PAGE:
Indexed on: 13 Jul '04Published on: 13 Jul '04Published in: Neuropsychologia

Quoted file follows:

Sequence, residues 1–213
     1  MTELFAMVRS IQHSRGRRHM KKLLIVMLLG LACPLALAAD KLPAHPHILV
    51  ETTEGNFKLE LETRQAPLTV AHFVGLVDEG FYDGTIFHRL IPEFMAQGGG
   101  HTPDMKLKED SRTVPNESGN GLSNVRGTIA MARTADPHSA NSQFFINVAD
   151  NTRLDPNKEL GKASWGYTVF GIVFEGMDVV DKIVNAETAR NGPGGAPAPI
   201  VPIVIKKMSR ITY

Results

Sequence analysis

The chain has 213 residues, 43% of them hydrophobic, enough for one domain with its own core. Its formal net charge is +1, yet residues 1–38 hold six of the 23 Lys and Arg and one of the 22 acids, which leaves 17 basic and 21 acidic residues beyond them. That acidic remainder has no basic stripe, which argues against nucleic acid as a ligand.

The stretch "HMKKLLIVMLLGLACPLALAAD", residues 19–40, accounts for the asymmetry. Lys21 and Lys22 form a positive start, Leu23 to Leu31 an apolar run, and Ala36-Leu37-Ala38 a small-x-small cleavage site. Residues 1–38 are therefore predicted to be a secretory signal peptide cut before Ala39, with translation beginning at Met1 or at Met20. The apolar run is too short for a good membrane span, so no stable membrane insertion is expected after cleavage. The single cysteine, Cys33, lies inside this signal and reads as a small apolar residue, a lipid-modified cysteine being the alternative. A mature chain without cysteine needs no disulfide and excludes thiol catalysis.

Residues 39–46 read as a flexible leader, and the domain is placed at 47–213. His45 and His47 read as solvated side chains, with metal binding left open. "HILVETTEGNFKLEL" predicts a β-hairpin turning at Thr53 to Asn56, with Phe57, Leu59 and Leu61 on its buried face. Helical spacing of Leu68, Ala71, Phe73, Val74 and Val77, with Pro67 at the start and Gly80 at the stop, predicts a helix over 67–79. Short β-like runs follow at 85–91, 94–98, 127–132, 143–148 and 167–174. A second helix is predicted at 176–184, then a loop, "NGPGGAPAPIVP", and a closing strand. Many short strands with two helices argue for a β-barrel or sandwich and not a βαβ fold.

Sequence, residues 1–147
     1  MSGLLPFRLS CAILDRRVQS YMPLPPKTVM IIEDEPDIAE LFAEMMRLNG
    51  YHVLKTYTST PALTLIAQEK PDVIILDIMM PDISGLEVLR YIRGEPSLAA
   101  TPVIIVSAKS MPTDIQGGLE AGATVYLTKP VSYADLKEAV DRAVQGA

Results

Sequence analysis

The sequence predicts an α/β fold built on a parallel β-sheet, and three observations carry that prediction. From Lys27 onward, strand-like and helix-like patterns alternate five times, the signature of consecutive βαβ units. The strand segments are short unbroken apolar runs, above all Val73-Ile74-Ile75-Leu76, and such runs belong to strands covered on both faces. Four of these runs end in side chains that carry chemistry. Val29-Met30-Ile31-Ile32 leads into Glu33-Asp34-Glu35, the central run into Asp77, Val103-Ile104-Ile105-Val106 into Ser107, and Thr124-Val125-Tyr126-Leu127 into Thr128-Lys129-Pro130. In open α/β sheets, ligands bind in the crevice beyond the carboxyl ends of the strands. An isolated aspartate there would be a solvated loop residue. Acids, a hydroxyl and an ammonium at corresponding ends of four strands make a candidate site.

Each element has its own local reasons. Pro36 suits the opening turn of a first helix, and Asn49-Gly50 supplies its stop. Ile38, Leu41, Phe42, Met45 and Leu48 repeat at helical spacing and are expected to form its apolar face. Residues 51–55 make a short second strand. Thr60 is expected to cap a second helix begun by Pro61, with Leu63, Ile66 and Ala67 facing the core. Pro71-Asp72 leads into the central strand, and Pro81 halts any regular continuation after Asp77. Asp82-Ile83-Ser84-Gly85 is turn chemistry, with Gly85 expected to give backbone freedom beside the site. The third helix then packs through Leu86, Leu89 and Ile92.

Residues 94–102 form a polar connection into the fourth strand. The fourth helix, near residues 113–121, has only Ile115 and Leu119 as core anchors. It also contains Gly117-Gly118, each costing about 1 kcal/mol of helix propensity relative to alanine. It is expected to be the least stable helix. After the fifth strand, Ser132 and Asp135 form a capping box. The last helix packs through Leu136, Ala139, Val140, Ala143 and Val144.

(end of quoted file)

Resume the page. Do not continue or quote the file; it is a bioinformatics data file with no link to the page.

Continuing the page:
Human adults and infants identify the actions of another agent based not only on its intrinsic perceptual features, but critically on the contingent relationship between its motion path and the environmental context [Trends Cogn. Sci. 7 (1995) 287; Cognition 72 (2003) 237]. Functional neuroimaging studies of the perception of agents and intentional actions, on the other hand, have mostly focussed on the perception of intrinsic cues to agency, like a face or articulated body motion (e.g. [J. Neurosci. 17 (1997) 4302; Neuroimage 8 (1998) 221; Trends Cogn. Sci. 4 (2000) 267; Nat. Neurosci. 3 (2000) 80; Neuroimage 13 (2001) 775; Proc. Natl. Acad. Sci. U.S.A. 98 (2001) 11656; Neuron 35 (2002) 1167; Neuron 34 (2002) 149, Neuroscience 15 (2003) 991; J. Neurosci. 23 (2003) 6819; Philos. Trans. R Soc. Lond. B. Biol. Sci. 358 (2003) 435]. Here we describe a region of the right posterior superior temporal sulcus that is sensitive not to articulated body motion per se, but to the relationship between the observed motion and the structure of the surrounding environment. From this and other aspects of the region's response, we hypothesize that this region is involved in the representation of observed intentional actions.